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Title: 'A wordlife running from mind to mind' : inheritance, influence, and tradition in the poetry of Anne Stevenson
Author: Spencer, Eleanor Leah
ISNI:       0000 0004 2731 5408
Awarding Body: Durham University
Current Institution: Durham University
Date of Award: 2012
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This thesis argues that, as an American poet living variously in England, Scotland, and Wales, Anne Stevenson has had a major role in bringing together diverse literary traditions and forging a distinctive transatlantic poetic. Questions of inheritance and influence are, of course, important for any poet, but especially so for a poet of dual nationality. As the title of her 2003 collection, A Report from the Border, suggests, Stevenson has found her true home in the no man’s land between different cultures and traditions. Though the poet’s claim that she ‘lost any sense of belonging either to the United States or to Britain long ago’, suggests rootlessness and disenfranchisement, it is clear that she is rooted, though by no means restrictively, in both American and British poetic traditions, and is heir to the cultural and artistic inheritances of both the Old and the New worlds. It will be shown that her work ranges widely and eclectically across British and American cultural models and poetic styles, and each chapter considers a particular facet of her bi-national and bi-cultural inheritance. The first chapter explores Stevenson’s complex and ambivalent relationship with both the texts and the figures of the Romantic poets, and her development of a pragmatic romanticism that speaks to both our late philosophical scepticism and our persisting desire for affirmation. The second chapter looks at how Stevenson, a contemporary and biographer of Sylvia Plath, eschews a ‘Confessional’ poetic in favour of oblique modes of self-expression and self-examination, most notably in her book-length epistolary poem, Correspondences (1974). The third chapter looks at the ways in which Stevenson’s elegiac poetry, in both its echoic adherences to, and innovative departures from, the conventions of the genre, succeeds in extending and expanding that legacy bequeathed by her predecessors, carrying the elegy forward into the twenty-first century. The final chapter suggests that Stevenson’s work enthusiastically reprises persistent questions and concerns about the adequacy and inadequacy of language that we recognise from the work of earlier poets from Shakespeare and the Romantics to Wallace Stevens and Robert Graves. This thesis attempts, in its study of little-known archival material held on both sides of the Atlantic, the most comprehensive examination of her work, both creative and critical, to date.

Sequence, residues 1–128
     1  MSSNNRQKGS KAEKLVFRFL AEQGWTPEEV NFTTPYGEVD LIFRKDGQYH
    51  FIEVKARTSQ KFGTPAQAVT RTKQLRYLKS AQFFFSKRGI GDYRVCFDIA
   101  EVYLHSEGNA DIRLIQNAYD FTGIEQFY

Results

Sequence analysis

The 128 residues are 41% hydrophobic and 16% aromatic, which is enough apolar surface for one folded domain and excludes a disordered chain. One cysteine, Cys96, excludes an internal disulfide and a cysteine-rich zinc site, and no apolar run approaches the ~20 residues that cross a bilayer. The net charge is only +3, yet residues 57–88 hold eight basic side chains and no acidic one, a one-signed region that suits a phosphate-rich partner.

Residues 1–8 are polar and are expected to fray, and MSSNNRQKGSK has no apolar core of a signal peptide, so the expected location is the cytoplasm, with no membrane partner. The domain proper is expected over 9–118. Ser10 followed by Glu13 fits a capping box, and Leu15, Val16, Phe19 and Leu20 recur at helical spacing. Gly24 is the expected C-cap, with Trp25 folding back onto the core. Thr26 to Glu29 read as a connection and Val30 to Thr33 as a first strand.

Supervisor: Not available Sponsor: Not available
Qualification Name: Thesis (Ph.D.) Qualification Level: Doctoral
EThOS ID:  DOI: Not available